The Oregon Afforestation Act of 1995 (SB 5300)

Senator Bob Kintigh and Robert L. McNitt

In 1995 Senator Bob Kintigh introduced landmark legislation that gave an incentive to landowners to plant trees on land not currently supporting a forest.

Photo by Lon Rankin
Rye grass farmland near Peterson Butte planted with 2-0 
ponderosa pine in 1994.

The act recognizes a landowner's right to grow and harvest trees planted on such lands.

The procedure for qualifying is relatively simple. Before planting or doing any site preparation obtain a recent aerial photo of the tract (needs to be over 5 acres with stocking less than 25 sq ft basal area/acre) and take some ground photos that include common landmarks that will positively identify the location. Within 2-5 years after planting, notify the State Forester that you desire a certificate showing that the area has been afforested. The original plat, aerial and ground photos will be used to verify the original condition. Then have the county clerk record the certificate so it becomes part of the property records.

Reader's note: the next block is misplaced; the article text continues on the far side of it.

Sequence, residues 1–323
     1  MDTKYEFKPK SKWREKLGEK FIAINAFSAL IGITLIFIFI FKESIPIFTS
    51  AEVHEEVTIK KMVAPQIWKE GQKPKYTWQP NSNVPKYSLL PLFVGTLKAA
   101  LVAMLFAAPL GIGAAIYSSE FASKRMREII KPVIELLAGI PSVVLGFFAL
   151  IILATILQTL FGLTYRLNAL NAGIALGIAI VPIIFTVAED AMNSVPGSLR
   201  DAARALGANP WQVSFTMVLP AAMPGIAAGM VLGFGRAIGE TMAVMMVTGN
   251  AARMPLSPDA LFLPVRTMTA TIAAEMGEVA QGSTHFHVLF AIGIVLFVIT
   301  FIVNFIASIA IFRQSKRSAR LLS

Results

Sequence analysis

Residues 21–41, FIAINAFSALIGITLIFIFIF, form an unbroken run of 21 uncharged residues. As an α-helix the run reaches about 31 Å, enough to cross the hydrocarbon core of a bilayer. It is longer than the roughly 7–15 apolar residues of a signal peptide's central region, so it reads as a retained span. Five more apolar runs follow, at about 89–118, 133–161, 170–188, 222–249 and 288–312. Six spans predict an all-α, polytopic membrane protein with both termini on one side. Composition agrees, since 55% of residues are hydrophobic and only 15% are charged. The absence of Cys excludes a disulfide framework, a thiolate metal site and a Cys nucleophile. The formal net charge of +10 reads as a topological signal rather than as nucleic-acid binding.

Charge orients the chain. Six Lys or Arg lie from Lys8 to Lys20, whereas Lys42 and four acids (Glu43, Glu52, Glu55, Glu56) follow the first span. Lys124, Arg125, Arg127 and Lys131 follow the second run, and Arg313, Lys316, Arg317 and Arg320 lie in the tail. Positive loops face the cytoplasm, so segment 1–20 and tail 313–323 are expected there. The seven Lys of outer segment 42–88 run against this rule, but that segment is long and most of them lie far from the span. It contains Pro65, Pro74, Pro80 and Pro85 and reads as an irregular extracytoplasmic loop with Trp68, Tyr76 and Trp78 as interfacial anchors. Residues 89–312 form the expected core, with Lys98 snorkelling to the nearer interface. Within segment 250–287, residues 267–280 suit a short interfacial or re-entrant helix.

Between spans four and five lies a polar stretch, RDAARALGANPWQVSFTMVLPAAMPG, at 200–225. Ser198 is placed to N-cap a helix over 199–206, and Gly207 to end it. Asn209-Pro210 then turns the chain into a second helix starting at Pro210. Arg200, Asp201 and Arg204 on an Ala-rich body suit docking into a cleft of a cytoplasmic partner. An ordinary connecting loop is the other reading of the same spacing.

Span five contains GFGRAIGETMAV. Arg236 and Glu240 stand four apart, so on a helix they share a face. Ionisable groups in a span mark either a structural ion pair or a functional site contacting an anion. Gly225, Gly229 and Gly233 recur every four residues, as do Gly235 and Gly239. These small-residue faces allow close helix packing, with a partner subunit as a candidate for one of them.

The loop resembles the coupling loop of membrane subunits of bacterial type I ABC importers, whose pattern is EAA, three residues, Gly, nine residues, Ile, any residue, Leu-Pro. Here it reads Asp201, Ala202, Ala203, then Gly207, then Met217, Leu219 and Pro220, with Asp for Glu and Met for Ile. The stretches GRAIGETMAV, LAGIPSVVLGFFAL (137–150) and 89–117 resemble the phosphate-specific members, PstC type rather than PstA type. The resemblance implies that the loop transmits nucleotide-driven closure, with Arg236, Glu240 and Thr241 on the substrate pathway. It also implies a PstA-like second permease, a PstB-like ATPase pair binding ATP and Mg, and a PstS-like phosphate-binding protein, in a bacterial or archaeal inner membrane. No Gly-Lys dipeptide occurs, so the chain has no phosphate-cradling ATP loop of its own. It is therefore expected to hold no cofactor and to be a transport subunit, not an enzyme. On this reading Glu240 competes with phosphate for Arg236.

Photo by Lon Rankin
Peterson Butte plantation 5 years after 1994 planting.

This process assures that the future harvest (although not the harvesting methods) are free of restrictions except for within 20 feet of a large or medium stream or any small stream that is a fish bearing or domestic use stream. After removal of the timber crop the land will, in the future be subject to reforestation and other requirements of the forest practices act rules in affect at that time.

Many areas that are currently being planted to Valley ponderosa will qualify for SB530 harvest protection. Landowners should review recent plantations and consider whether or not to request certification. A fee maybe charged but could be well worth it in the future.



Last Updated 02/24/08